There are some who combine PVP with Roleplay. To their standards a level 85 can never be bested by a level 20 character. Also the gear a player is wearing is of importance to them, for the higher or better the gear, the lesser the chances are of getting beaten. Whereas others ignore the gear and level altogether and simply roleplay, regardless if their character is level 85 and its opponent level 20. So prior to fighting, make sure which standard the other player uses, so that you don’t end up in what you believe is an unfair fight.
When you are about to start your fight, make sure that you mix up major actions with minor. Just as in a real life beating, you will try to kick, stomp, jab and what not, all the while scuffling and groping to try and get a hold of the other. And just with a real life fight, you’ll soon need time to catch your breath, take a few steps backwards, wipe the sweat or blood out of your eyes and so forth. So don’t just keep on pouncing and kicking, but take a few moments to reflect.
This might sound a bit like a Bourne-movie. But make use of your environment. See that mug on the table? Grab it. Are you fighting next to a campfire, kick up some smoldering embers. It adds to the fight and can create new fighting scenes you never did before.
Stacking is what is done when you type more than three major actions into one post. There is no sense in doing that, other than to create confusion for both parties, or in an attempt to godmode. So keep your actions to only one or two lines per turn and then await the other player’s actions. You could of course ignore this and throw eight moves all in once at the player, but it will guarantee a very quick fight and an almost certain death.
Well, rather not. As with real fights, you can only dodge so much, no matter how agile and fast you are. So do let some blows connect. Also, even though you wear armor, armor is not like a bulletproof vest. It might block some moves, but if someone uses his axe with all his might, he will at the very least cut through your armor and leave you with a nasty scratch. Of course, you could have your armor deflect some blows and hits, but still. After some time even your armor will end up in havoc.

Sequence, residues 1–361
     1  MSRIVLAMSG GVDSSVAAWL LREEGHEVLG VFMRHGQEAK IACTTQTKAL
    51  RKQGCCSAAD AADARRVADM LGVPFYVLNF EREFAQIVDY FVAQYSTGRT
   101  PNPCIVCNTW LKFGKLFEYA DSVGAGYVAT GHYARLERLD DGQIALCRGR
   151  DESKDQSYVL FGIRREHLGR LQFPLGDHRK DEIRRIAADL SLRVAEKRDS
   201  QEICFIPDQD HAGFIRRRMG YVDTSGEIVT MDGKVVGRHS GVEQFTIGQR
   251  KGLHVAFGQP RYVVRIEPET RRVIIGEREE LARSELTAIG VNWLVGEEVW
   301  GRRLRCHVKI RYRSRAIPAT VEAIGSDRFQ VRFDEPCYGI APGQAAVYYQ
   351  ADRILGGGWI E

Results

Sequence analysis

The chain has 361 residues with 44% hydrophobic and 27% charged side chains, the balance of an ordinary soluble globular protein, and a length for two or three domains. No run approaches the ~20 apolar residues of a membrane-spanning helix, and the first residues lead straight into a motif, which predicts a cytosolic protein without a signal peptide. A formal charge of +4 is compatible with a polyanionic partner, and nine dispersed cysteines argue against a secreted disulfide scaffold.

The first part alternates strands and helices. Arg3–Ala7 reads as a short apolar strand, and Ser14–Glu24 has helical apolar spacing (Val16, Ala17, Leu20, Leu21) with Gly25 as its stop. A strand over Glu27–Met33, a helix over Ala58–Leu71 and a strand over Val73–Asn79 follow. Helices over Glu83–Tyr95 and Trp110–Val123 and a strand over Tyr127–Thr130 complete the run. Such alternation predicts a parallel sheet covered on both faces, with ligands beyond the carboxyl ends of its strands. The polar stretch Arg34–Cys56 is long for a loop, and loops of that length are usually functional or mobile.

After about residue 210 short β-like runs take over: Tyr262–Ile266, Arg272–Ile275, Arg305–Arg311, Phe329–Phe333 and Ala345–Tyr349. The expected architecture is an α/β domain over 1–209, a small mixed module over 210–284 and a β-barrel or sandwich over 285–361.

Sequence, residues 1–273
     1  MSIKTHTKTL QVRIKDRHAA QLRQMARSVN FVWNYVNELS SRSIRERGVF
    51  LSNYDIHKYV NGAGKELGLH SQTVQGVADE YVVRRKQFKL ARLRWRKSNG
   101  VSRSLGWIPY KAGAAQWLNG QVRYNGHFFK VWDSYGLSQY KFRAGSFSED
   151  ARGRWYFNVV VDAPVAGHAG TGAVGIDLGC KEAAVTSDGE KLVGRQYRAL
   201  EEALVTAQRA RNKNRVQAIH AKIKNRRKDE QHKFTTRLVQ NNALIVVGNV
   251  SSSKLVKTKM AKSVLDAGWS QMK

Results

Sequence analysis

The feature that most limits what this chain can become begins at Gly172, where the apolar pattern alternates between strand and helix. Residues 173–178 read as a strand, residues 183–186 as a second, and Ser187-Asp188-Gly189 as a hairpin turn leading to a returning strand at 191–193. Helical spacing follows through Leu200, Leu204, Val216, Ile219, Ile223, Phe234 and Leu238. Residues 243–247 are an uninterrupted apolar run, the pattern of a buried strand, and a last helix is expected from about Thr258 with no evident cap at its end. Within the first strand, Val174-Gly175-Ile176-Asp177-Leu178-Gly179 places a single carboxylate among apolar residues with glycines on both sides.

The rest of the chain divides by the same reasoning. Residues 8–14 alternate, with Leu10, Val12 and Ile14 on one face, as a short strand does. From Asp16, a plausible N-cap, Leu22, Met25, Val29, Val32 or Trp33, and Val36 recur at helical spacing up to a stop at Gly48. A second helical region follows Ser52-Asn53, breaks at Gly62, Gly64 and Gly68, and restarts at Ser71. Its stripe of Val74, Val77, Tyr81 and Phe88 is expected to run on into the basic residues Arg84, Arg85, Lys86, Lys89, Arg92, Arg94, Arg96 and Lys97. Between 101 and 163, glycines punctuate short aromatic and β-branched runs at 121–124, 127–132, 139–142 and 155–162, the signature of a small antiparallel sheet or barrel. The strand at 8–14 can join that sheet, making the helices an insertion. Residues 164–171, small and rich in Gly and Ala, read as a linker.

There is more to the brawl than just the fight. Other important factors are: previous injuries, fatigue, illness, when the last meal was eaten, the current temperature and so on. All of these weigh in to your current fight and you should be aware of those. When you’re fighting in hot conditions you will sweat more, get dehydrated sooner and it will be an effort to get a good solid grip with all those sweaty palms and bodies. Also, wearing heavy gear while in those surroundings will most definitely restrict your movements. Have you been in a fight last week? Than that eye will still be black, and the stitches on your back are still throbbing. One well-placed blow on your bruised kidneys and you will have no other choice but to sink to your knees and forfeit the fights. Also, a character who is enraged beyond rational thought will likely fight less smoothly than one who is pissed off but still able to calculate. A character who is extremely violent is more likely to use dirty technics than a character who is more honorable. Emotional state is important to consider as well. If one character has more invested in battle than the other (for instance the honor of defending his spouse) he might be fighting far harder than the character who is merely fighting for glory. All in all, consider the environment and the possibilities you are up against/work in your favor and decide from there what the outcome should be.